CHEECH WIZARD & VAUGHN (& MARK) BODÉ
|Born||July 22, 1941
Utica, New York
|Died||July 18, 1975 (aged 33)
San Francisco, California
|Awards||Hugo Award, Best Fan Artist, 1969
Yellow Kid Award, 1974
Will Eisner Award Hall of Fame, 2006
|Spouse(s)||Barbara Hawkins (m. 1961, divorced 1972)|
Vaughn Bodē (/boʊˈdeɪ/; July 22, 1941 – July 18, 1975) was an American underground cartoonist and illustrator known for his character Cheech Wizard and his artwork depicting voluptuous women. A contemporary of Ralph Bakshi, Bodē has been credited as an influence on Bakshi’s animated films Wizards and The Lord of the Rings. Bodē has a huge following among graffiti artists, with his characters remaining a popular subject.
Bodē was inducted into the Will Eisner Award Hall of Fame for comics artists in 2006.
Cheech Wizard, in a characteristic discussion of the search for God. Art by Vaughn Bodé.
|Publisher||National Lampoon, Last Gasp, Fantagraphics|
|Created by||Vaughn Bodé|
Cheech Wizard is an American underground comics character created by artist Vaughn Bodē and appearing in various works, including the National Lampoon, from 1967 until Bodé’s death in 1975. A mysterious character of unknown origins, The Wizard is constantly in search of a good party, cold beer, and attractive women. The Cheech Wizard is often drawn in graffiti murals and street art, and has been repeatedly referenced in pop music.
The Wizard wears a very large yellow Phrygian cap decorated with wizard symbols instead of a wizard’s pointed hat, with his legs, clad in what appear to be red tights, visible underneath. His appearance and species have never been revealed. In an early comic, Captured by Morton Frog (1967), Cheech takes off his hat for a police officer, a priest and a political leader. You can clearly see him holding his hat in his hands, away from the rest of his body. The face is hidden by the speech balloon, but you can see glimpses of hair on top. All three persons witnessing his face fall into cataleptic states forever. Cheech walks away from their fortress claiming that “Their primitive minds couldn’t accept da truth”. In a later comic, Who is C.W.? (1974), one of Cheech’s lovers insists on seeing his true face. Cheech claims that she will die instantly, or go insane. After having her sign a waiver freeing him of legal responsibilities, he agrees to take off his hat. The comic ends abruptly at mid-page with Cheech saying “Okay! Here goes, but I bet you go blind!”, followed by a blank (white-out) panel.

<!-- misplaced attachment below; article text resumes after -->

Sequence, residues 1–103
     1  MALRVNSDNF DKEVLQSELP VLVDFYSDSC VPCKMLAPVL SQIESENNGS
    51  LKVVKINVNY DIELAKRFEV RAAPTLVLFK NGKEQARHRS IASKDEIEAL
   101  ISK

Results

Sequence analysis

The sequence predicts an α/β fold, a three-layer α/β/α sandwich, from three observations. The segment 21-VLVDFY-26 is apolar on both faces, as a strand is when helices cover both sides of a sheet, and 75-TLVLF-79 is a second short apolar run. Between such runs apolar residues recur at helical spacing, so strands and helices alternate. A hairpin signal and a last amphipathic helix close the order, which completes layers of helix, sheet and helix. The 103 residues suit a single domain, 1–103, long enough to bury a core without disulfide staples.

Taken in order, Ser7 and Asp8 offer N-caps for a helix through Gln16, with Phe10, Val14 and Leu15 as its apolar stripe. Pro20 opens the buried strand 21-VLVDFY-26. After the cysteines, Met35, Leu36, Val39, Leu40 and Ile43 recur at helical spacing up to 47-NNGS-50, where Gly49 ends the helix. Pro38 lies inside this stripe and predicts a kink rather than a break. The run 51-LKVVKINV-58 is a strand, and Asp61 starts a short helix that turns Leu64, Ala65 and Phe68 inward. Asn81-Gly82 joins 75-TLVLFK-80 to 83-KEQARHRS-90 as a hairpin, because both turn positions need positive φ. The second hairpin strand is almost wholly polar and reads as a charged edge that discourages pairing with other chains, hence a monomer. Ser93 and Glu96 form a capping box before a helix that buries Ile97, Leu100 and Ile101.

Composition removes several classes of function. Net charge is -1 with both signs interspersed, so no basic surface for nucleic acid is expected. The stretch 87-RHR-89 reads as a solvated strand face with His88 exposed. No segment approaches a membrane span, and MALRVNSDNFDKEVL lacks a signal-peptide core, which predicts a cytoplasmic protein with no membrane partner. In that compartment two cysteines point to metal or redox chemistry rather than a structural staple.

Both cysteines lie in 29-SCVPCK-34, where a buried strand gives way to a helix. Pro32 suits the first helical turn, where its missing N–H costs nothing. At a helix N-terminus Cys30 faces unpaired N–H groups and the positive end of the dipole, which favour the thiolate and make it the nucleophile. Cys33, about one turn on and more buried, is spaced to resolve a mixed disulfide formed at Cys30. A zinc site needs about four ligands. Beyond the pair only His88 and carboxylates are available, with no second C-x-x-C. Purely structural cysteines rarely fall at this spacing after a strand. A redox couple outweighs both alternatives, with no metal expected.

Cheech Wizard speaks in an ungrammatical sort of urban dialect. He was generally accompanied by his lizard apprentice, Razzberry (until that character was killed off). Cheech was depicted as foul-mouthed, often drunk or high on drugs, and constantly on the make. His attitude towards his fellow residents of the magic forest in which he lived (generally talking male animals and human females, the latter invariably under-dressed) was usually one of contempt. Curiously, he was referred to (often by himself) as the Cartoon Messiah, which suggested Bodé’s long-standing interest in mysticism. But his general reaction to anyone who annoys him (and the list there is quite long) is to deliver a swift kick to the groin. Mark Bodé claims that the Cheech Wizard was his father’s “alter-ego, . . . a bad-mouth hat with no respect for anyone, completely the opposite of Vaughn, who was charismatic but shy.”
|Born||February 18, 1963
Utica, New York
The Lizard of Oz
|Collaborators||Vaughn Bodé, Larry Todd|
Mark Bodé (born February 18, 1963 in Utica, New York) is an American cartoonist. The son of underground comics legend Vaughn Bodé, Mark often produces works similar to the elder Bodé’s style. He is best known for his work on Cobalt-60, Miami Mice, and The Lizard of Oz. Bodé has also worked for Heavy Metal magazine and on The Teenage Mutant Ninja Turtles.